Ensure Your Site Is Safe During School Holidays


Ensure Your Site Is Safe During School Holidays

August 21, 2015 |

Following the tragic death of a 7 year old boy three weeks ago, we feel it prudent to emphasise the heightened risk of children accessing construction sites during school holiday periods.

The young boy was killed when he got stuck in a vertical plastic pipe and his clothing restricted his breathing on a construction site near Barnsley. He went missing after playing with his friends a mile away from the site and about two miles away from his home. He is believed to have left around 8pm and was due to return home but never turned up. His body was found on the site on Monday 27th July.

While the numbers of children being killed or injured on construction sites has reduced in recent years, there is no room for complacency. Each year, two or three children die after gaining access to building sites, and many more are injured.
Under the HSE Guidance document L153 – Managing Health & Safety in Construction, specific reference is made to preventing unauthorised access by children to building sites.

As well as the obvious good practice in prevention of injuries it should be noted that, under UK Health & Safety Law, schoolchildren are treated as invitees on buildings sites and not as trespassers so the usual general duty of care is elevated.

The Construction Design and Management Regulations 2015 (CDM2015) Regulation 13(4)(b) states:-
The principal contractor must ensure that the necessary steps are taken to prevent access by unauthorised persons to the construction site.

Additionally, Regulation 15(10) states:-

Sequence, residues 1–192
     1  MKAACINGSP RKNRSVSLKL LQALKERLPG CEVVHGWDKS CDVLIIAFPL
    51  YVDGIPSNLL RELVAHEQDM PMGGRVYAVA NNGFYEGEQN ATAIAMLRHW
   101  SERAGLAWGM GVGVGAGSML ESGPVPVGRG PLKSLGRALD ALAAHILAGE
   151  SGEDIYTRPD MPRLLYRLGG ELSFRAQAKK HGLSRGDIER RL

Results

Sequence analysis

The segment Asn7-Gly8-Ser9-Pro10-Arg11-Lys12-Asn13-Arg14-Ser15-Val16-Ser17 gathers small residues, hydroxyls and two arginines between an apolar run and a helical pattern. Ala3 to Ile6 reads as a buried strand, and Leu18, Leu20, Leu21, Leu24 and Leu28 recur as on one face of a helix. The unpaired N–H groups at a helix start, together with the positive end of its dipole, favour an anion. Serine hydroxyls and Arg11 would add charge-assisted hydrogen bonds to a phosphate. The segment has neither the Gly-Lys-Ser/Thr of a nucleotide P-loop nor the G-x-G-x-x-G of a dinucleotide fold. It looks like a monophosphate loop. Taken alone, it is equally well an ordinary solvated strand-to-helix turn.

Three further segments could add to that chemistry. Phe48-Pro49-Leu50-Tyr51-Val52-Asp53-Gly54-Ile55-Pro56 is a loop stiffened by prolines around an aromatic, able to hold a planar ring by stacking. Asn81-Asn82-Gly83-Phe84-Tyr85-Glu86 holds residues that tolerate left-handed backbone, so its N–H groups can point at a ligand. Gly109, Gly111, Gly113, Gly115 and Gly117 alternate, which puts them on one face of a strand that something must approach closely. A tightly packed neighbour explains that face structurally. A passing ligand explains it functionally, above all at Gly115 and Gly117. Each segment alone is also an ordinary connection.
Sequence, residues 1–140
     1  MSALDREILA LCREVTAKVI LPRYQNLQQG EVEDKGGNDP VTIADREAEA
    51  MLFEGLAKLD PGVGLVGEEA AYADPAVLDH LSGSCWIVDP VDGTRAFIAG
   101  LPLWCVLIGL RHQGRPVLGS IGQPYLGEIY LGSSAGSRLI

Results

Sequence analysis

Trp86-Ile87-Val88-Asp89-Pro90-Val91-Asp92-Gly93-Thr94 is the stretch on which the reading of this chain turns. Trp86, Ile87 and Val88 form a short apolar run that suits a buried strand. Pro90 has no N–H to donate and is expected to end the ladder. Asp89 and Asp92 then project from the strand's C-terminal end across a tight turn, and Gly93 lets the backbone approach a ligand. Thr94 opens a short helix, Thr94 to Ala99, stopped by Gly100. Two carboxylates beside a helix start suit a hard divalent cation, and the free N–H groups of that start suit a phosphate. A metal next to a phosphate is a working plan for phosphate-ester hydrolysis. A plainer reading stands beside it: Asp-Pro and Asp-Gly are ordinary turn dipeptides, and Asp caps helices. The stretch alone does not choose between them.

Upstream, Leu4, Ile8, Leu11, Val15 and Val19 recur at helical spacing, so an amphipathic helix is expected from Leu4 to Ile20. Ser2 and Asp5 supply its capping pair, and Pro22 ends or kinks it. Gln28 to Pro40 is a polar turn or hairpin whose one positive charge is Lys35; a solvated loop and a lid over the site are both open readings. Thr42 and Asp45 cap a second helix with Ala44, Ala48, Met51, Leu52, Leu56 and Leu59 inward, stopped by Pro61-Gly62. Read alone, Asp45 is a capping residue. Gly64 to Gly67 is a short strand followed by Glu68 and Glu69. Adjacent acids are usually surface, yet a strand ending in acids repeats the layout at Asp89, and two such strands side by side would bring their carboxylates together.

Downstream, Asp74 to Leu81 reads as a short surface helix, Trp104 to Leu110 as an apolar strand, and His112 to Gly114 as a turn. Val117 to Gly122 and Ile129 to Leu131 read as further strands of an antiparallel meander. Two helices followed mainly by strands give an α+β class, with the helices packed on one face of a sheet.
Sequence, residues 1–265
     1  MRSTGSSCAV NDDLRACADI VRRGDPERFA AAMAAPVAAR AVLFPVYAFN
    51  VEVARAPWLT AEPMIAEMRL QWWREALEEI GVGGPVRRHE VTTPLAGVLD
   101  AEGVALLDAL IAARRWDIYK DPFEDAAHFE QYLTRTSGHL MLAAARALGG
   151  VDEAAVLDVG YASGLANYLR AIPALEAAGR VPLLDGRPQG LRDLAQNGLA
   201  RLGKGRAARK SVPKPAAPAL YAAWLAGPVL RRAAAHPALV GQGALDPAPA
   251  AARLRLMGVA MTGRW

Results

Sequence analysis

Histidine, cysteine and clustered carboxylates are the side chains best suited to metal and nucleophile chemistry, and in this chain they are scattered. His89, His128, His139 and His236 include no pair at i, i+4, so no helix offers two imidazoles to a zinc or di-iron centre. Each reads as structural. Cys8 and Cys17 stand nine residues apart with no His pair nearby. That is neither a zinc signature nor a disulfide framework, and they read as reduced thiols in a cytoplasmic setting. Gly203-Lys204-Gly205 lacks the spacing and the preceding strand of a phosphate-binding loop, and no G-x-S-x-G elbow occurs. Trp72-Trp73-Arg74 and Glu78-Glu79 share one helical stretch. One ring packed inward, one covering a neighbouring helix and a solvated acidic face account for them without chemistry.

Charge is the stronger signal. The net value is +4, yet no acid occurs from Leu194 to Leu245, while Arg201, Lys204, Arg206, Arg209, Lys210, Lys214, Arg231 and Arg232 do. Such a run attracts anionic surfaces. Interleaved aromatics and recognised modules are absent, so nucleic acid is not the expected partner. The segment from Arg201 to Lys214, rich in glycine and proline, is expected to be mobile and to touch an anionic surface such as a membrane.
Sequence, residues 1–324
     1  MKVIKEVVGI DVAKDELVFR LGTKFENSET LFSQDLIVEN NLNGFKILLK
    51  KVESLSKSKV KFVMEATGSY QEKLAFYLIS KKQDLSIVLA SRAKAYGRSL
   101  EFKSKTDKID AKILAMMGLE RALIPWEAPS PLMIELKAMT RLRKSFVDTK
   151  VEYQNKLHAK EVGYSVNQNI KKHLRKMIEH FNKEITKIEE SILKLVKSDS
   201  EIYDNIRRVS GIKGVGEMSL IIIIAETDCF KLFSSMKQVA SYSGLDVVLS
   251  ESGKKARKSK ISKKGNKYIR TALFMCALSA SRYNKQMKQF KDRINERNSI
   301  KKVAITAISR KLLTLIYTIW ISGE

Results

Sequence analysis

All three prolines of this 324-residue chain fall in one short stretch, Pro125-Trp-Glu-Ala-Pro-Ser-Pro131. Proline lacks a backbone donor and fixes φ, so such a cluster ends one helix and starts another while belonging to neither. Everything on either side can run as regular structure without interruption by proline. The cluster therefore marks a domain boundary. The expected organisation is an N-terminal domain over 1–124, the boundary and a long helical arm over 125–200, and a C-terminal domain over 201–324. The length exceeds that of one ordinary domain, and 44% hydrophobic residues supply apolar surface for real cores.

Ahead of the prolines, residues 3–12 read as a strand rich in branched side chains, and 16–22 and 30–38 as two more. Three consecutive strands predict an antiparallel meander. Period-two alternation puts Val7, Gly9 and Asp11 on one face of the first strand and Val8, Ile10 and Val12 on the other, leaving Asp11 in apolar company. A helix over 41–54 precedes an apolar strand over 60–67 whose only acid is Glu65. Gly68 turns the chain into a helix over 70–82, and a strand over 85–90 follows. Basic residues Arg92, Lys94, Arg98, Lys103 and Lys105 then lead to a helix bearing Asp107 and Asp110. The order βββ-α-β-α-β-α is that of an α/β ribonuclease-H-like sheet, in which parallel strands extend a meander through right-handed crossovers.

A contractor must not begin work on a construction site unless reasonable steps have been taken to prevent access by unauthorised persons to that site.

Site Boundaries and Preventing Unauthorised Access

All construction sites require:
Measures to manage access across defined boundaries; and
Steps to exclude unauthorised people.

You need to define boundaries physically, where necessary, by suitable fencing. The type of fencing should reflect the nature of the site and its surroundings.

Determining the boundary is an important aspect of managing public risk. You need to:
plan what form the perimeter will take;
provide the fencing; and
maintain the fencing.

Questions you need to ask yourself include:
What is the nature and type of the construction work?
How heavily populated is the area is?
Who will need to visit the site during the work?
Will the site attract children?
What are the site characteristics (eg existing site boundaries, location, proximity to other buildings).

Typically, in populated areas, this will mean a two-metre high small mesh fence or hoarding around the site.

Specific Steps Particularly Relevant to Child Safety

Some children are drawn to construction sites as exciting places to play. You must do everything you can to keep them out of the site and away from danger:-
Secure sites adequately when finishing work for the day.
Barrier off or cover over excavations and pits.
Isolate and immobilise vehicles and plant and if possible lock them in a compound.
Store building materials (such as pipes, manhole rings, and cement bags) so that they cannot topple or roll over.
Remove access ladders from excavations and scaffolds.
Lock away hazardous substances.

Finally, there is little point in creating an exclusion zone and then leaving the gate open.

Our Team of CDM Specialists are on hand for Site Safety Inspections and CDM Audits for your peace of mind. For further information, please call John Okey on 01925 654158.